4Hitchcock, Richard. "The Castles of Corkaguiny, County of Kerry. No. II." Proceedings and Transactions of the Kilkenny and South-East of Ireland Archaeological Society 3.2 (1855): 388-92.
From the author's description: "We now come to the interior of the castle. At the southeast corner there is about half, up to the top, of the circular inside of a turret in the thickness of the wall, in which a spiral staircase appears to have existed, the ends or places for two flights of the steps being still visible. Besides two windows looking from this interior…it has also the remains of a circular-headed doorway leading to the interior of the castle, and, over this, another perfect circular-headed doorway looking west. A space appears to have been walled off from the interior of the castle at the east side, but…this side is unfortunately the most ruined. Remains, however, of two arched ceilings, and other accommodations, may still be seen in this part. The three windows next the ground at the south, west, and north sides have, at the inside, the form of large fire-places, each 5 feet 8 inches in breadth. One of the arch stones of the west recess has rudely carved on it the form of a human face; but it is probably a modern production. Similar recesses are at the insides of the two windows over these in the west and north sides, and another recess is at the inside of the centre window in the south side. This side of the castle, like the east, is walled off from the interior, and between the two walls are several small apartments, inaccessible, however, to me. Over the centre window in the south side, just mentioned, is a doorway leading into some of these chambers, and it was probably into them that one of the circular-headed doorways at the south-east comer of the castle also led…Portions of two arched ceilings are to be seen in the castle…From the west wall, beneath the first or lowest arch, two stones, like corbels, project; but they do not seem to have been used for this purpose. The corresponding holes in the north and south walls, or similar projecting stones in the opposite east wall, do not appear; but the latter may have been pulled away…Above the first ceiling at this side are the remains of a fire-place, still exhibiting some traces of ornament."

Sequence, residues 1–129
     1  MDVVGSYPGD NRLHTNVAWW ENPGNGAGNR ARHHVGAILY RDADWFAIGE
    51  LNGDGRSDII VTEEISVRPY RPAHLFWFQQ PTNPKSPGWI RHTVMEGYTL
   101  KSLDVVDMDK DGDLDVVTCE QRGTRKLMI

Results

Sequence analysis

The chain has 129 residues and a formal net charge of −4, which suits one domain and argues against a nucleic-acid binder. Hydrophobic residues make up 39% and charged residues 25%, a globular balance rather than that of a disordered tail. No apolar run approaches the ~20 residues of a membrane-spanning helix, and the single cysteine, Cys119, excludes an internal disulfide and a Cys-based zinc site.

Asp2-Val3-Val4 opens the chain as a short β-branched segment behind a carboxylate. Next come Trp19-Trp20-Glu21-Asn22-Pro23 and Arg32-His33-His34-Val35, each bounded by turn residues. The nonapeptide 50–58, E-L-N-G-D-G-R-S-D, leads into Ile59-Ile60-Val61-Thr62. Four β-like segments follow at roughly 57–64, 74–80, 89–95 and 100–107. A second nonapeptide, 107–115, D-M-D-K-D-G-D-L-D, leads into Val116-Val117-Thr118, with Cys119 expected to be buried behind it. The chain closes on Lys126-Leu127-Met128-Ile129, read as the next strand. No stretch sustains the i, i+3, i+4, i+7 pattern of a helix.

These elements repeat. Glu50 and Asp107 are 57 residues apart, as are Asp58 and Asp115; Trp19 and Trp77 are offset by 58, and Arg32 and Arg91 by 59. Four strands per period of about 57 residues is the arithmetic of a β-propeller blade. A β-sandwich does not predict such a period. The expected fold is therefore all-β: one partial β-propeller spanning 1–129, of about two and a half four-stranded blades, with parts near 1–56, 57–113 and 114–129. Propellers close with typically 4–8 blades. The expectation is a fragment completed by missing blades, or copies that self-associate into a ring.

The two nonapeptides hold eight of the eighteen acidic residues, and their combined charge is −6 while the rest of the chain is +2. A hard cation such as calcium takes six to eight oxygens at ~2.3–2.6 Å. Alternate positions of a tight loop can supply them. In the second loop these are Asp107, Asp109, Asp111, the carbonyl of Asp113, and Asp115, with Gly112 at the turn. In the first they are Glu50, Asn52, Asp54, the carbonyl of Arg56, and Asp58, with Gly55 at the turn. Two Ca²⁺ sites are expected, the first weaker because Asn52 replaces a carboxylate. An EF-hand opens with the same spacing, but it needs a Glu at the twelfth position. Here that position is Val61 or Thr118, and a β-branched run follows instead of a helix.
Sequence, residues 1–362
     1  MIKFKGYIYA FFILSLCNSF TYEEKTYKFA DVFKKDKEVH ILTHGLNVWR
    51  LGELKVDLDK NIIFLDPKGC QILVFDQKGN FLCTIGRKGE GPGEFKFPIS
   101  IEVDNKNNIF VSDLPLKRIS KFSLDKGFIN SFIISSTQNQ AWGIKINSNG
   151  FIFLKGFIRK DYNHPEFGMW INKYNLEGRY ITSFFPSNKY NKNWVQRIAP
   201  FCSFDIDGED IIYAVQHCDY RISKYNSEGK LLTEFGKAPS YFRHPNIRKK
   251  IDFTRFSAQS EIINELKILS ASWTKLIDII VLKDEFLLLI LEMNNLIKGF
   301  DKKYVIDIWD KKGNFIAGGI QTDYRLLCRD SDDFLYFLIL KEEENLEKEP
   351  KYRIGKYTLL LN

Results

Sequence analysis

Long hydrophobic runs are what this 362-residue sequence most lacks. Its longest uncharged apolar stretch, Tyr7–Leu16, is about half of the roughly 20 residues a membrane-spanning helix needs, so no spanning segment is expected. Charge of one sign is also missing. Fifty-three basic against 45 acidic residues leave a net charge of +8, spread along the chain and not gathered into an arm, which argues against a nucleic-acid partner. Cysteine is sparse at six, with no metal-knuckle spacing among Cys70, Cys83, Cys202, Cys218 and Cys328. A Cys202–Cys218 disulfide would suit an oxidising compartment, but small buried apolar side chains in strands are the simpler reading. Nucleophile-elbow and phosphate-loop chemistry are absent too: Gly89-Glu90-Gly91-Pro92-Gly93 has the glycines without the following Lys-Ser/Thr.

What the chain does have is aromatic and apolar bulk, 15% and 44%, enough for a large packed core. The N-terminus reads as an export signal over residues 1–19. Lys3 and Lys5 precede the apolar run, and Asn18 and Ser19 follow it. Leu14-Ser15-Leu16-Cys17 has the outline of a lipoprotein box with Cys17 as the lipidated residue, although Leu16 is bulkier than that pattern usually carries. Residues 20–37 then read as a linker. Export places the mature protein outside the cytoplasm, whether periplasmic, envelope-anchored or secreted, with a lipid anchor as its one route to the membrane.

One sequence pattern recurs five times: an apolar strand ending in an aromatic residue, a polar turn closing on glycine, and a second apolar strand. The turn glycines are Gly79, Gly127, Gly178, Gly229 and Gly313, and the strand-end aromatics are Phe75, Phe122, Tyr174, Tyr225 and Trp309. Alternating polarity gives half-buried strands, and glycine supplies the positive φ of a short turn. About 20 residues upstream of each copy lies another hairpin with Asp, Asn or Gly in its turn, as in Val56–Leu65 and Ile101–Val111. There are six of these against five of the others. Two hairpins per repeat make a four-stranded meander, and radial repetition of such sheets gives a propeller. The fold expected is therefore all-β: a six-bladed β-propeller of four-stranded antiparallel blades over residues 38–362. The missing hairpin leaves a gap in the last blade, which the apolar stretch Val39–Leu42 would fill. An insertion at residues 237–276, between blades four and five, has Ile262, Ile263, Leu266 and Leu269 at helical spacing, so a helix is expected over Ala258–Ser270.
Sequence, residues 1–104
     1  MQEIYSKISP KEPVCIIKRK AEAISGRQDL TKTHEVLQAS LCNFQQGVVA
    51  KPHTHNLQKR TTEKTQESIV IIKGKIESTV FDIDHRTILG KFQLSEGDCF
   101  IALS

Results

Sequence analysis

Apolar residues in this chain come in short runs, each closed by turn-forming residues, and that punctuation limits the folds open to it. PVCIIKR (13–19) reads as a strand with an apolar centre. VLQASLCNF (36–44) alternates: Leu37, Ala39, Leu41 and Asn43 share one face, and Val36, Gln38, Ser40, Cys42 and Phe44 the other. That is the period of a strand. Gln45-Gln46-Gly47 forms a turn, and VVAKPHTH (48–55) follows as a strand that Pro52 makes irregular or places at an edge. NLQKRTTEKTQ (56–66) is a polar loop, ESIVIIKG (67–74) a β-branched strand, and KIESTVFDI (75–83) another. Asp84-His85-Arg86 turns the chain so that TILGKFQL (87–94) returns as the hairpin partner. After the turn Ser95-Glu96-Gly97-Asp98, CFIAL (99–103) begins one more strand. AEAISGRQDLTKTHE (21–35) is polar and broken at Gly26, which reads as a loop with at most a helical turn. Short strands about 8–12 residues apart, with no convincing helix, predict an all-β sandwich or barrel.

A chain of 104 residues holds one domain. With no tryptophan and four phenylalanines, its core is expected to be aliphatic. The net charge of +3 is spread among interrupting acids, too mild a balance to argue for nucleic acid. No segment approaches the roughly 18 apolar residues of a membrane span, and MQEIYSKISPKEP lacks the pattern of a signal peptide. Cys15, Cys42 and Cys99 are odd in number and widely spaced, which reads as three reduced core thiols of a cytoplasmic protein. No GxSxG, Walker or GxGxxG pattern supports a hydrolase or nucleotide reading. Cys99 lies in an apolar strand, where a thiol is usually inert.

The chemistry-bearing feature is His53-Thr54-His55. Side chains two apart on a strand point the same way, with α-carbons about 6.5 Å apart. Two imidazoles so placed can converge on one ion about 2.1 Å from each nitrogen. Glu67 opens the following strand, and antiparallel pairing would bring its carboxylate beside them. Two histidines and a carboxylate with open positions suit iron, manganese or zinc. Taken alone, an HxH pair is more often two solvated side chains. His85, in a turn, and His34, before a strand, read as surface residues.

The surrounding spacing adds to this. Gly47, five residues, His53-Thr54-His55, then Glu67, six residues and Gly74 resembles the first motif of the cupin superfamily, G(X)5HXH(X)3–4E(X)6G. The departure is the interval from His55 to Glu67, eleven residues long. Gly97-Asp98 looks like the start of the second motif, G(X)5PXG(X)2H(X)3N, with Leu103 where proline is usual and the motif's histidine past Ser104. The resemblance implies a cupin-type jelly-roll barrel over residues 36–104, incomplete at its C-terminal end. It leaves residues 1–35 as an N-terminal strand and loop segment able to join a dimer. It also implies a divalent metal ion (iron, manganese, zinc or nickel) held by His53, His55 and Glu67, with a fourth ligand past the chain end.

A comprehensive description and a plan of the castle may be found in Cuppage, Judith. Archaeological Survey of the Dingle Peninsula: a Description of the Field Antiquities of the Barony of Corca Dhuibhne from the Mesolithic Period to the 17th Century A.D. Ballyferriter: Oidhreacht Chorca Dhuibhne, 1986. 375-78.